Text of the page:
'Systemic discrimination' in dyslexia support

Dyslexic students are more likely to get support in high decile schools, than low decile schools, say dyslexia campaigners.

Special assessment conditions (SACs) included reader or writer assistance, computer use or extra time and were critical for NCEA success, Dyslexia Foundation of New Zealand (DFNZ) chairman Guy Pope-Mayell said.

Figures provided to DFNZ under the Official Information Act show just 17 pupils in decile one schools received SACs for external NCEA exams in 2014. Just under 1300 pupils in decile 10 schools received help.

"This perpetuates what amounts to systemic discrimination against students at lower decile schools, where SACs can make all the difference between achieving or not achieving NCEA qualifications," Pope-Mayell said.

Canterbury mother Donna Elliot said school support made a huge difference for her son, John, 13, who was diagnosed with dyslexia at 6.

Last year, he sat his entrance exam for Lincoln High School and was placed in one of the top two Year 9 classes.

The achievement was the result of the support he received from Tai Tapu School, tutoring and a lot of hard work, Elliot said. "They worked wonders with him. They put structures in place to help him and he continued with private tutoring."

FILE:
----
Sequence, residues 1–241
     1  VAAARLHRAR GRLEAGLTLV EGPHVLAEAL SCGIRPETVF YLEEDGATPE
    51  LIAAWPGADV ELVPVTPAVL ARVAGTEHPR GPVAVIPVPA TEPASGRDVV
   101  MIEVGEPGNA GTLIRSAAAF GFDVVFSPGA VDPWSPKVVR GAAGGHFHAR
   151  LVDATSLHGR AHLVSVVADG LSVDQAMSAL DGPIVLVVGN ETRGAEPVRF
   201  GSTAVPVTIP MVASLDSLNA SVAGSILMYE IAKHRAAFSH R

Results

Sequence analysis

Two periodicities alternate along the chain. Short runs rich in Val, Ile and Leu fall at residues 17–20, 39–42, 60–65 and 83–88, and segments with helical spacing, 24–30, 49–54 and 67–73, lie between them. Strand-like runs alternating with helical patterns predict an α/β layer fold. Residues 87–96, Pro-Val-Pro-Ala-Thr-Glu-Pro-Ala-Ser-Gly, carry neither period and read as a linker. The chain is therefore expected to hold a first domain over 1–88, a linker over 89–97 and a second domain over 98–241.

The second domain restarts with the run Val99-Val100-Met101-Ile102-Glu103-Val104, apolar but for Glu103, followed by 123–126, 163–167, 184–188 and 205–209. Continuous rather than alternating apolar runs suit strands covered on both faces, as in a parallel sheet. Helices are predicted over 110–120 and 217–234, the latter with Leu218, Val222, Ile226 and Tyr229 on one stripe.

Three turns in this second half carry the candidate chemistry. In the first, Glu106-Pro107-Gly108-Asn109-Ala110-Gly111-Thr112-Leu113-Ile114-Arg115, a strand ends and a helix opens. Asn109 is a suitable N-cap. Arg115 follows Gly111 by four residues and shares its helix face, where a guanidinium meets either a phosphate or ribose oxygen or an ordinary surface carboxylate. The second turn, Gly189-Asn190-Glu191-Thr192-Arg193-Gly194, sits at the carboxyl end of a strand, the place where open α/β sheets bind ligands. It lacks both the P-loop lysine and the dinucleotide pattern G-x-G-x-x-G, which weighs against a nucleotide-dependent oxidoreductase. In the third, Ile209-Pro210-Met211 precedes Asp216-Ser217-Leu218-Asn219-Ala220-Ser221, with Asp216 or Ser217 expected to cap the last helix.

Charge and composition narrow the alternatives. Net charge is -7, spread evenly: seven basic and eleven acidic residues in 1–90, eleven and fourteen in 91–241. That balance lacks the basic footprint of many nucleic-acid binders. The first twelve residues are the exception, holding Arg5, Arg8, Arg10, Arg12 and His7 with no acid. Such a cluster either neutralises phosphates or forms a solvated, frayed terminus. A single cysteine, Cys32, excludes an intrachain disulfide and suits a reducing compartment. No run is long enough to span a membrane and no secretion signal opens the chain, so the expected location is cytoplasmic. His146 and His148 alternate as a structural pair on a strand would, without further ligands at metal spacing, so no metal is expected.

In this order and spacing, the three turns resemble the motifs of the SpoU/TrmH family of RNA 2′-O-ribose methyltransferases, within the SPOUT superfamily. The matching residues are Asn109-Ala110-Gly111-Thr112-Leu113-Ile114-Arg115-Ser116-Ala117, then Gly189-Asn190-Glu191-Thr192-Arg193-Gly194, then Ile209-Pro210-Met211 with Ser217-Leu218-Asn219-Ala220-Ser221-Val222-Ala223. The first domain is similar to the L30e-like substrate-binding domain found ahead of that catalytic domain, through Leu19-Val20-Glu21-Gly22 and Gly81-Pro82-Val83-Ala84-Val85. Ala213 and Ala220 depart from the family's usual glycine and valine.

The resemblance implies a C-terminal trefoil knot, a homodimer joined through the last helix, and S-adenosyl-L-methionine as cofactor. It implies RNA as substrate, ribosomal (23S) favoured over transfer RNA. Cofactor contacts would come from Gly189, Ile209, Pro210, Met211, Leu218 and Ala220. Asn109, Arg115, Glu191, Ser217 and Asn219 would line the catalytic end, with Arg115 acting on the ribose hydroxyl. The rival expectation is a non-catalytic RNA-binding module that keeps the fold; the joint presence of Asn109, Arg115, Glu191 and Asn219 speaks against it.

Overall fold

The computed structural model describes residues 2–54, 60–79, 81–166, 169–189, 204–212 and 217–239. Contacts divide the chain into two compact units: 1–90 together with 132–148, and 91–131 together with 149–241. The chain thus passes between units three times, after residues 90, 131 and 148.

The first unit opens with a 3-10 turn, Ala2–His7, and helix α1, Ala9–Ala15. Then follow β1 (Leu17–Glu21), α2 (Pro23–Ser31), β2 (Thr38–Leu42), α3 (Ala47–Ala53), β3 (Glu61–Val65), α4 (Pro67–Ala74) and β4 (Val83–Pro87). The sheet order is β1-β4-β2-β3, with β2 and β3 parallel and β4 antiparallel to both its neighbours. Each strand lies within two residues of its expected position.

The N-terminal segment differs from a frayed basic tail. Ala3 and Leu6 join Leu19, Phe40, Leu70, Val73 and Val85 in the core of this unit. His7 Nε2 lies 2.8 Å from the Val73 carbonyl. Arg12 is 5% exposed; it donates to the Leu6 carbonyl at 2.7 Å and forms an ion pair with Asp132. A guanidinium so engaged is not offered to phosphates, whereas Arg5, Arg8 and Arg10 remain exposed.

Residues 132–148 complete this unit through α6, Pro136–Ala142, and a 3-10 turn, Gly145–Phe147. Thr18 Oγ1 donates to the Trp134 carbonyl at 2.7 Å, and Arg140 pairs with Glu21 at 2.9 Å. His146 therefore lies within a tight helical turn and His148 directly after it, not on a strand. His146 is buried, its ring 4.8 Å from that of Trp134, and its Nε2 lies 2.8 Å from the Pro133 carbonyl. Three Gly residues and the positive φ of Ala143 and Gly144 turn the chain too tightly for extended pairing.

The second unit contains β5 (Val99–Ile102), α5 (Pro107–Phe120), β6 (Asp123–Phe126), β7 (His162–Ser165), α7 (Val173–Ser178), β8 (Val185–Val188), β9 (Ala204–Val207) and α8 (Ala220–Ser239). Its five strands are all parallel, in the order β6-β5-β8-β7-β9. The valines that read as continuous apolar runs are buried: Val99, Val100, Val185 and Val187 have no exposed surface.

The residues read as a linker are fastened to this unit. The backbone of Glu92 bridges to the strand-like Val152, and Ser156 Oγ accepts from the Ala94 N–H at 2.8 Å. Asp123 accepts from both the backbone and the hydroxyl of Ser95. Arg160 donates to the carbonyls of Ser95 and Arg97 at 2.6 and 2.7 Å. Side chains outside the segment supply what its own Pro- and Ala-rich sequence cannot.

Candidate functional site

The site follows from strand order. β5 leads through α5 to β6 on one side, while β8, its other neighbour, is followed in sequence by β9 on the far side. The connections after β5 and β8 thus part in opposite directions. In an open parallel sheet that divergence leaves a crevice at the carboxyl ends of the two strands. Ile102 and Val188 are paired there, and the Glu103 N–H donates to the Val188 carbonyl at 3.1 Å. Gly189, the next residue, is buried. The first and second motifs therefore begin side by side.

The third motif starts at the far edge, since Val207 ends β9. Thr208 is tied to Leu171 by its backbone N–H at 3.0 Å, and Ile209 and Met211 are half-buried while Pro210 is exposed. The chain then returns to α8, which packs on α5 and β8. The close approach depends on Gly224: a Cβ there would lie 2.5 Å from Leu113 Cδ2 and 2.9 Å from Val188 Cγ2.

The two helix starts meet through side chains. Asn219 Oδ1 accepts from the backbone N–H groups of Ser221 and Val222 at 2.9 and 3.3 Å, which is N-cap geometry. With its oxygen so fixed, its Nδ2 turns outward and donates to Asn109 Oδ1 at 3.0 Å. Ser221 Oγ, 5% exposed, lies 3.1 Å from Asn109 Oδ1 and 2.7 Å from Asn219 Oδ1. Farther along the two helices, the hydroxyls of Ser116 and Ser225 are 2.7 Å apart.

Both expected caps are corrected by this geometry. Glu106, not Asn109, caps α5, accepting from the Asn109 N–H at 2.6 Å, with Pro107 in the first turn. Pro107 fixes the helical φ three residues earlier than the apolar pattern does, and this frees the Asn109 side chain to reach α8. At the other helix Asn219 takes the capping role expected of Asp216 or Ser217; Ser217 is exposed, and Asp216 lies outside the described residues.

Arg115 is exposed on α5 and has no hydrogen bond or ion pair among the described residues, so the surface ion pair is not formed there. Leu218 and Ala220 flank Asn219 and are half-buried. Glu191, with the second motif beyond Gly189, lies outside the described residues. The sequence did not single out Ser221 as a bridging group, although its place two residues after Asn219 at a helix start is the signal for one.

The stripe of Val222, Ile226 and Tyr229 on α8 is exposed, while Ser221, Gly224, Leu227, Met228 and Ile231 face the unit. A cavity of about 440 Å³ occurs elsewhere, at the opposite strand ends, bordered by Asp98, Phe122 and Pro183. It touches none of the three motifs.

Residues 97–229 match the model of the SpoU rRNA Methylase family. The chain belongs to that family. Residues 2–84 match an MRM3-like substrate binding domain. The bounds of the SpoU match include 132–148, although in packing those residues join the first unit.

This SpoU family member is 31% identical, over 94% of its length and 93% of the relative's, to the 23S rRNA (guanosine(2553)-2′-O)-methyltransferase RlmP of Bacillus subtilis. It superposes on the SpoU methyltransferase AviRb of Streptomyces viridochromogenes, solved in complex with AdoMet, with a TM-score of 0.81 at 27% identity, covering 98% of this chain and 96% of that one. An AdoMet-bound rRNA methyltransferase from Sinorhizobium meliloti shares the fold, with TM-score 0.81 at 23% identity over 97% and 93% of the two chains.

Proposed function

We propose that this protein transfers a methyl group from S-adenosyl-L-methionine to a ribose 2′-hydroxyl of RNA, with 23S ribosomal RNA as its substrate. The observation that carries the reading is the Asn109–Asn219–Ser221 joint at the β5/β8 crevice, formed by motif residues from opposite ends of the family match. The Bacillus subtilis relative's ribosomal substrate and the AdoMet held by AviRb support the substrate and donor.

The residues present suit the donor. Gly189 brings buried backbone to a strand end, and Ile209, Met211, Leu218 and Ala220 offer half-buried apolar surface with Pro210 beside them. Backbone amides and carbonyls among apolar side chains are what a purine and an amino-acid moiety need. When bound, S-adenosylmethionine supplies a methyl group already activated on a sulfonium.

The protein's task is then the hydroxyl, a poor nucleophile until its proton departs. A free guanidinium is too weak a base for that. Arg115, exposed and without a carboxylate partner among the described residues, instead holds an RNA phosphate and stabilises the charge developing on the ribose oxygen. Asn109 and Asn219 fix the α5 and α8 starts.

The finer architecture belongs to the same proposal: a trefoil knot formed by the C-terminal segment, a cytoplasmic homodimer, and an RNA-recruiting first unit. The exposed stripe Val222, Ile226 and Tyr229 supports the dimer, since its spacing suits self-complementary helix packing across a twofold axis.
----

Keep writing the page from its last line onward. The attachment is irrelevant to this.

Before moving to Tai Tapu at age 10, John had struggled at a school that did not acknowledge he needed extra support. Dyslexia meant he had to work harder and completing exams took longer.

Having a reader-writer meant he did not have to struggle as much as he normally did, John said.

"I definitely can see it will help a lot with tests coming up this year."

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Elliot, who volunteers as a reader-writer at Lincoln High School, said it broke her heart to think of pupils who did not receive the support they needed to thrive.

"A lot of the kids . . . are very intelligent but the struggle is getting it down on paper or processing the question they are being asked," she said.

 - The Press

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